Wednesday, 15 October 2014

Gluten Free Orange and Almond Cake

 Yesterday was a bit of a disaster, I cut my finger of the edge of a corn beef tin.  My middle finger of the right hand, the one you put a thimble on, the one which is really useful when you are knitting.  How did I do it?  Well... we now keep all our clean recycling in a big swing bin in the utility room, and I just delved in to find a small pot to put my waste oil in to put in the bin, without looking too carefully, and key presto, a cut nearly to the much blood, and so difficult to open a plaster!  Lesson: put all cut edged tins in the outside recycling straight away!

Before that I had failed to separate three eggs properly, and hence scrambled egg for breakfast this morning.  Thankfully I always separate each egg in a small bowl before putting them into the main whisking bowl.  With 6 eggs to separate I did have a bad day, but thankfully had enough eggs spare to make this gluten free cake from the National Trust Simply Baking by Sybil Kapoor.

In principle I felt it was a good recipe and was to be the first of the gluten free bakes yesterday, before the cut finger put paid to further baking!  Today a few knitting friends:  Linda, Janice, Roni, Katherine, and Diane,  came round and I love to have all the bakes suitable for all of us, but we had to be satisfied with just one cake.  By the end of the morning, we had all enjoyed the cake, coffee, tea etc., and had mastered some of the techniques on the Maluka Scarf which I am cascading down!  Roni brought a project which she has nearly finished, and which will be the basis of a new group workshop hopefully.

The only question I had when I read the recipe for the Orange Almond Cake, was whether one cake really needed 4 teaspoons baking powder.  I don't really like that taste of baking powder.  I had already cooked the fruit in the pressure cooker, but found one recipe which just cut up the whole fruit into bits and poached them in a pan.  So much easier than the 2 hours or so if you did not have a pressure cooker.  As usual I did some further research and found several recipes on line which used only one or two teaspoons of baking powder.

Don't worry if you are not going to make the cake, all I want to note, is that I think I must have used every mixing bowl, and thank goodness I had washed up before the encounter with the corned beef tin!
Here is the revised and altered recipe to Serve 10 to 12 portions.

For a 23 cm spring from tin, with bottom and sides lined with baking parchment to 2 cm higher than the tin.

Preheat the oven to 180 C Gas Mark 5

2 wax free oranges about 400 grams
5 medium eggs
190g golden caster sugar
190g ground almonds
1 tsp gluten free baking powder
some flaked almonds to scatter

A little icing sugar to sieve over the cooled cake just before serving.

Poach the oranges, cut up in a little water, till very tender.    Watch and add a little water if required, but not too much, as when the fruit is drained, you will need to reduce the liquid to a couple of tablespoons.  Or use the pressure cooker. Whiz the fruit and liquid together, and leave to cool.  When cool mix in the almonds and baking powder.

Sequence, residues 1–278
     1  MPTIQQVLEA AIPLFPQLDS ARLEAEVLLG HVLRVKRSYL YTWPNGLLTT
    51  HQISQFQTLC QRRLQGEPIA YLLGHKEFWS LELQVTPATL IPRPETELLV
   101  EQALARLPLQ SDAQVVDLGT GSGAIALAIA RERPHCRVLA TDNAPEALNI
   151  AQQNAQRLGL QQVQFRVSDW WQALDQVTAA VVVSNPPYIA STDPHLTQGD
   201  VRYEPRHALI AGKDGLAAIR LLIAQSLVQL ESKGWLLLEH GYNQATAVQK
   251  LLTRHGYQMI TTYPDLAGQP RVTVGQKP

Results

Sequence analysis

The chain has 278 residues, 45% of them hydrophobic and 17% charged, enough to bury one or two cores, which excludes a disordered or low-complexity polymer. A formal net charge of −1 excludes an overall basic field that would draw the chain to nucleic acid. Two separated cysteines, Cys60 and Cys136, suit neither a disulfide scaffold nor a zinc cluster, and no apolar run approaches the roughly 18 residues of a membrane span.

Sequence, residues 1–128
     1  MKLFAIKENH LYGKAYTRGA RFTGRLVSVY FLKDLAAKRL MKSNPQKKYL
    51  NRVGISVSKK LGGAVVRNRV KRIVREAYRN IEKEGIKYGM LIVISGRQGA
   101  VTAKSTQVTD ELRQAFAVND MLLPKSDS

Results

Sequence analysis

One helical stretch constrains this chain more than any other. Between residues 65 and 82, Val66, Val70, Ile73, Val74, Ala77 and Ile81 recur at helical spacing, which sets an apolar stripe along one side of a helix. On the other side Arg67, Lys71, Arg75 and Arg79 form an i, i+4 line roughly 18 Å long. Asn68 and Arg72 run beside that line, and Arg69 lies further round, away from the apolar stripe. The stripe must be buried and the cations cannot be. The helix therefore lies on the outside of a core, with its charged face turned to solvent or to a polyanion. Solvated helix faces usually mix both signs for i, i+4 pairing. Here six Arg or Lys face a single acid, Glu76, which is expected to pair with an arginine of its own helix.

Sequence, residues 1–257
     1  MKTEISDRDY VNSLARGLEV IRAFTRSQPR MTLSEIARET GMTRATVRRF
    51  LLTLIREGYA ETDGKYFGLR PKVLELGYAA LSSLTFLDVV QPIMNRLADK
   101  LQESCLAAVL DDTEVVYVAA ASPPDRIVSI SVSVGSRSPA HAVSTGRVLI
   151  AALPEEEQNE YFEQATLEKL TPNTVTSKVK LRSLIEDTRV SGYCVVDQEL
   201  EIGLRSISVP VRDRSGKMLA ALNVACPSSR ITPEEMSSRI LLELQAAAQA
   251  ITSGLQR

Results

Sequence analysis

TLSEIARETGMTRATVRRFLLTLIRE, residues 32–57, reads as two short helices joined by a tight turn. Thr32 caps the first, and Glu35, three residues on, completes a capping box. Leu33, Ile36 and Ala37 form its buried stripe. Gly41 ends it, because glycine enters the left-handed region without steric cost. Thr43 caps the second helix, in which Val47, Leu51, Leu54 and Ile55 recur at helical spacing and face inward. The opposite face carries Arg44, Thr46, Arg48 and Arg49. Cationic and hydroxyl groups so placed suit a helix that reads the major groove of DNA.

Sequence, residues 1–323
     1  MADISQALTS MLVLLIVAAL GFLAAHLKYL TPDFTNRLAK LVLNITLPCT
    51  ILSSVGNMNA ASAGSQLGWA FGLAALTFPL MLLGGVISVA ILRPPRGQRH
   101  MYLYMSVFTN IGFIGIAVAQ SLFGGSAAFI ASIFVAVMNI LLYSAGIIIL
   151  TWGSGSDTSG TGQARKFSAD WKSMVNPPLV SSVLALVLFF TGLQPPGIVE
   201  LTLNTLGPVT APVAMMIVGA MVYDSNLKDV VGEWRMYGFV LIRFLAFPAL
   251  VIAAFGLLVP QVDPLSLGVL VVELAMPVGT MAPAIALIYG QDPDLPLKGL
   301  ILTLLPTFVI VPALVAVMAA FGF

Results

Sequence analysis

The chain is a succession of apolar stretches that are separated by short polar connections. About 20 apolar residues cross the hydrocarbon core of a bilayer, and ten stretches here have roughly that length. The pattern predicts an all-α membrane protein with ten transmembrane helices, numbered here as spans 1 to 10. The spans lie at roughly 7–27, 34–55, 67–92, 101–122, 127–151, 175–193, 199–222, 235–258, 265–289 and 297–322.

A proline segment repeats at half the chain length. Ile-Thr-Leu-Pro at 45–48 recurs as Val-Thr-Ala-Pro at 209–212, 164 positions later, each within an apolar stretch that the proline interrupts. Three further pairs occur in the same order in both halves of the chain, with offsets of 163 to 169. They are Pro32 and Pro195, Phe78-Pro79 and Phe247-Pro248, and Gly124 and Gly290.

I chose to vary the technique to incorporate as much air as possible, in that I whisked up the whites, first in my second biggest bowl,  using half of the sugar, adding a spoonful at a time till used up, then whisked for a further minutes or so.

In a separate but larger bowl, whisk up the eggs yolks with the other half of the sugar till the thick ribbon stage.

Let down the orange and almond mixutre with about a quarter of the egg yolk mixture, then folded into the rest of the egg yolk mixture into the orange and almond gently.

Now fold in about a quarter of egg white mixture into the egg yolk, fruit and almond mixture, then when a little 'slacker', the rest of the egg white mixture can be folded in very gently to keep in as much air as possible.

Gently fill the cake tin, smoothing the surface, then scatter over some flaked almonds.

Cover the cake with a piece of baking parchment with a hole the size of a large coin in the middle, and transfer it to the oven quickly.  After 45 minutes in the oven, check the cake, if very pale remove the top paper and cook for a little longer.  To test if the cake is ready check with a skewer.  It may take up to an hour to cook through depending on the oven.

Cool in the tin, but on a cooling rack.  When cold, remove from the tin to a severing dish.  Dust with a little sieved icing sugar.  This cake is best stored in the fridge, but allow the cake to come to room temperature for the best flavour.

You could make smaller cakes but the baking time will alter of course, and I suggest lowering the oven temperature.

It was delicious and very light, and if we had this with a little goat's cream, as I ran out of time to fetch some cow's cream for the girls.  If serving for a dessert, I would serve with mascarpone and some orange curd.  It is even better the next day!

1 comment:

  1. Looks a very light cake, yum.
    It must have been the day for finger injuries yesterday, I burnt my finger getting supper out of the oven, makes typing very difficult, keep missing the letter S! Hope yours heals soon.
    Heather :)